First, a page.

By John M. Burnor
Derek Boogaard was one of the most feared players in the NHL. Playing for the Minnesota Wild and the New York Rangers, Boogaard was an enforcer whose unofficial role was to fight: to protect his teammates and to settle points of honor for the team. Over the course of his NHL career, Boogaard racked up 589 minutes in the penalty box. Boogaard was found dead in a hotel room May 13, 2011 from an overdose of painkillers and alcohol. He was 28 years old.
Enforcers such as Boogaard play one of the most dangerous roles in hockey, as any given fight can cause career ending injuries. By his family’s estimate, Boogaard sustained dozens of concussions, although only a few were ever identified and treated as such. More often, he and others with similar injuries are simply prescribed painkillers to keep playing.
In May of this year, Derek Boogaard’s family filed a lawsuit against the National Hockey League alleging that the NHL breached its duty of care to Boogaard by not monitoring his injuries and his intake of pain killing medication. The family further alleges that the NHL breached its duty of care to keep Boogaard “reasonably safe” and to “refrain from causing addiction to controlled substances.”
According to William Gibbs, the lawyer representing the Boogaard family, teams will have up to eight physicians who, despite working for the same team will have little communication with each other. He claimed that, at the time of the filing, “there are no checks in place to make sure all those doctors are in proper communication with each other in the way they administer pills.”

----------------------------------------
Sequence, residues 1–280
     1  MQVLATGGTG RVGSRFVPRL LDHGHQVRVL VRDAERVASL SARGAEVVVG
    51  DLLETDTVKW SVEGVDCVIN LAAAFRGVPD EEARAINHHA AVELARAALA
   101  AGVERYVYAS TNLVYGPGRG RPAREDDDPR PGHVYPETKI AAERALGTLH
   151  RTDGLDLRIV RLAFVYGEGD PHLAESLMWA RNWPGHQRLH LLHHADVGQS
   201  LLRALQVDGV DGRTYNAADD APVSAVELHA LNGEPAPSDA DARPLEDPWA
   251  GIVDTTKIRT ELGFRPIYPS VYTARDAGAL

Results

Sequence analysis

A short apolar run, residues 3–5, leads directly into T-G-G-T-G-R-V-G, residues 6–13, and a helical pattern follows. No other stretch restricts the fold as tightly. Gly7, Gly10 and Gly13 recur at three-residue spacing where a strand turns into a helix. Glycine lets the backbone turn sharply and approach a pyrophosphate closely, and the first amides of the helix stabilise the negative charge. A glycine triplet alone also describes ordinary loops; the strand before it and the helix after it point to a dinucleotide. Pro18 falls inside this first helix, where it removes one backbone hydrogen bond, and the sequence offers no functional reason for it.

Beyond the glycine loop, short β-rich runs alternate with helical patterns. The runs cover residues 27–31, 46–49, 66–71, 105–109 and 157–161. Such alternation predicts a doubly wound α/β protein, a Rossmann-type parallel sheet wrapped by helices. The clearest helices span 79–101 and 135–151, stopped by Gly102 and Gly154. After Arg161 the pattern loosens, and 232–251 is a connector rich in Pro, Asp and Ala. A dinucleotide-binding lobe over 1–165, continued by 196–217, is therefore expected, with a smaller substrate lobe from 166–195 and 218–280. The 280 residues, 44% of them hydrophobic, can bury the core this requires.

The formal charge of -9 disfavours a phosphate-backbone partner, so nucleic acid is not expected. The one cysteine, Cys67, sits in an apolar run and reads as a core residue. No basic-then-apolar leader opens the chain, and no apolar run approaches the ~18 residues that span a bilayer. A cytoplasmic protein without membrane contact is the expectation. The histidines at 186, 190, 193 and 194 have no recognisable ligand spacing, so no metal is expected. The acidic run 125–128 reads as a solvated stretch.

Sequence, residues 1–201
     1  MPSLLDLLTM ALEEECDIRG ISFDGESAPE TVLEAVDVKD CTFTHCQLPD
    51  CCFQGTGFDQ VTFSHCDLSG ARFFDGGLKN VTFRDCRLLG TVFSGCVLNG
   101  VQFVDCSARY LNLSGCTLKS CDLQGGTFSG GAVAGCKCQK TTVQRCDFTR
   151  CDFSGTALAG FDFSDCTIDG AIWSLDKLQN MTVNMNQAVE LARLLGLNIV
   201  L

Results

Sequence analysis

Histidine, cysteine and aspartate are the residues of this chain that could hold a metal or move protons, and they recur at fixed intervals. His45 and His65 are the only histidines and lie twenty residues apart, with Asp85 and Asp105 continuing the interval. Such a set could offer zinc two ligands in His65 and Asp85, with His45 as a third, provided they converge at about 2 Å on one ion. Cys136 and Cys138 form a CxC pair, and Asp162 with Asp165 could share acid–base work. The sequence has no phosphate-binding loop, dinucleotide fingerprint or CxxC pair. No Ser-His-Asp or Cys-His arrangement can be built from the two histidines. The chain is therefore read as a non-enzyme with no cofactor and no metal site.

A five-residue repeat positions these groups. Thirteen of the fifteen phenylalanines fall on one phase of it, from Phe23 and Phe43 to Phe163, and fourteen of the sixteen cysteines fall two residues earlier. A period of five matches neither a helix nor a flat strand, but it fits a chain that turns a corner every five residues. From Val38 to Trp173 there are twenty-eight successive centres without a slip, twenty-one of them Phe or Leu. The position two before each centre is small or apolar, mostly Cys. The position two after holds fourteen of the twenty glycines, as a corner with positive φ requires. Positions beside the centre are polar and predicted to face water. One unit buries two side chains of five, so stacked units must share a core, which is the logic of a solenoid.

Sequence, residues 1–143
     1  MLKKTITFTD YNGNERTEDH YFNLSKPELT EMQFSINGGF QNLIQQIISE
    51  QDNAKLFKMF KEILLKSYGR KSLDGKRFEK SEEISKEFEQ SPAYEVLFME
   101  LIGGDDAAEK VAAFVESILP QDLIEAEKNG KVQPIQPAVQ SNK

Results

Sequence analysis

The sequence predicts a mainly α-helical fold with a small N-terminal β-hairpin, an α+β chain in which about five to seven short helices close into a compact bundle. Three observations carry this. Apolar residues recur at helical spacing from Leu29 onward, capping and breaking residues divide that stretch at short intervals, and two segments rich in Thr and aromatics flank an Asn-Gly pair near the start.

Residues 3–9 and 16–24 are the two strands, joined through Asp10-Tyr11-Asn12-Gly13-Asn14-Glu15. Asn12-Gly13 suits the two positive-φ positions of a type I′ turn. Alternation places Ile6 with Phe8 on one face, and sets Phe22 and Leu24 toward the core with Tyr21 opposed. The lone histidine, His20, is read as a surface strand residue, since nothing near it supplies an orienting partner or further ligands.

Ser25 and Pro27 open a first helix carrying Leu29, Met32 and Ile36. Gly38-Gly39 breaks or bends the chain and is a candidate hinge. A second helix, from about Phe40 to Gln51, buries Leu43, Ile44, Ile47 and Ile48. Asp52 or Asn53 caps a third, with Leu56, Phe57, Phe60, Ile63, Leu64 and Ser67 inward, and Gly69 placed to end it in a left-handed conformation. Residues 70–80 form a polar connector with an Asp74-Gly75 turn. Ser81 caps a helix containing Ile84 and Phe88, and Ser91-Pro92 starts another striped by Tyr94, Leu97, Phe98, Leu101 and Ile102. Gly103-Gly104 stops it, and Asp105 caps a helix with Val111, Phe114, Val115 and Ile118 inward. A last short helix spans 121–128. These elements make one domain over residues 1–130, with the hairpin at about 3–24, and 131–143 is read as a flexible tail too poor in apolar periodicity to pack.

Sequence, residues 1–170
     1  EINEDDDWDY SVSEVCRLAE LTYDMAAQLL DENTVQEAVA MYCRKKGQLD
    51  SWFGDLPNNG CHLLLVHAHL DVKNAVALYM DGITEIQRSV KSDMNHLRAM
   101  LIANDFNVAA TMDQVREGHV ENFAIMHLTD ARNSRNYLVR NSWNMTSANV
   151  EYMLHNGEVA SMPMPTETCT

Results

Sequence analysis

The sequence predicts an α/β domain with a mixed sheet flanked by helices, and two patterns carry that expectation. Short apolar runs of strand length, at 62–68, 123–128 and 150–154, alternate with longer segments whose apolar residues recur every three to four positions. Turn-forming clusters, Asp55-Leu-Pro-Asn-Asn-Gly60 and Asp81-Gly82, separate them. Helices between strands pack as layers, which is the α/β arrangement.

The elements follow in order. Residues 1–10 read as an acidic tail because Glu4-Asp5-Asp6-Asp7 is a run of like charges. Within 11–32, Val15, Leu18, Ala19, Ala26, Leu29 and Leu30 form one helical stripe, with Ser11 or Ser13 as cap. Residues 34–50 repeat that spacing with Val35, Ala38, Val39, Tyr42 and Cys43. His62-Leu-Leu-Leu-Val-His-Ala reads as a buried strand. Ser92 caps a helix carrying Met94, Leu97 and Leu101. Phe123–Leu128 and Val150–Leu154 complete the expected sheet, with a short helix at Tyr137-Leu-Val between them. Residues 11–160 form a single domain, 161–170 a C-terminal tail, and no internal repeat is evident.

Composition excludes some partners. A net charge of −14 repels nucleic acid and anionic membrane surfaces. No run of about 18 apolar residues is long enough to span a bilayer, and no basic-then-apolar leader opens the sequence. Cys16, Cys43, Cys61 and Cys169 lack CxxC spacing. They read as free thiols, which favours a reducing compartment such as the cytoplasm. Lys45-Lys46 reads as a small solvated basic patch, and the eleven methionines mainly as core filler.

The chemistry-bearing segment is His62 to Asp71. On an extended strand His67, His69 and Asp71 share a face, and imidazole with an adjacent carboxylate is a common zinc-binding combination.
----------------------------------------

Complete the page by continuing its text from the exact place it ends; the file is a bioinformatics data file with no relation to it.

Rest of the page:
This account is partially supported by the first person testimony of Justin Bourne, a minor league player whose career was ended by a puck to the jaw. His story, describes the massive amounts of painkillers that are legitimately prescribed in hockey, the lack of supervision over those drugs, and the long-term effects of such drugs. Well-intentioned doctors can prescribe drugs to a player who is truly in pain but over time such prescriptions can lead to addiction if not monitored. Essentially the pain is so bad and the players so large that very large doses are prescribed. Without communication between doctors, a player, seeking relief while being encouraged to continue playing, may seek prescriptions from multiple doctors, possibly knowing the danger or assuming that the doctors were aware of the other prescriptions.
The new Collective Bargaining Agreement (CBA) signed by the NHL and the Players Association addresses this issue. Article 34.3(b)(i) provides that clubs are required to input medical and health records to be maintained in an Athlete Health Management System. Furthermore, 34.3(b)(ii) states that reports of treatments must be exchanged between teams when injuries are treated by other clubs’ physicians. Finally, and most importantly, article 34.7 provides that every club has to identify one individual who is “responsible for monitoring on an ongoing basis, or auditing on a regular basis, prescription drugs that have been given to each Player on the Club.” While it may still be possible for a player to receive painkillers “off the books” this is an important step towards monitoring the use of drugs and the NHL claiming ownership of the problem.
The problem of painkiller abuse is by no means unique to the NHL or even professional sports. However, given the injuries sustained by professional hockey players it is a problem that the NHL cannot ignore. The outcome of the Boogaard’s family suit remains undetermined, but hopefully, the new changes to the CBA, addressing the issue of communication between physicians, will lead to a more open dialogue that will protect players in the future.
John M. Burnor is a recent graduate of Quinnipiac University Law School and is a guest columnist for Connecticut Sports Law.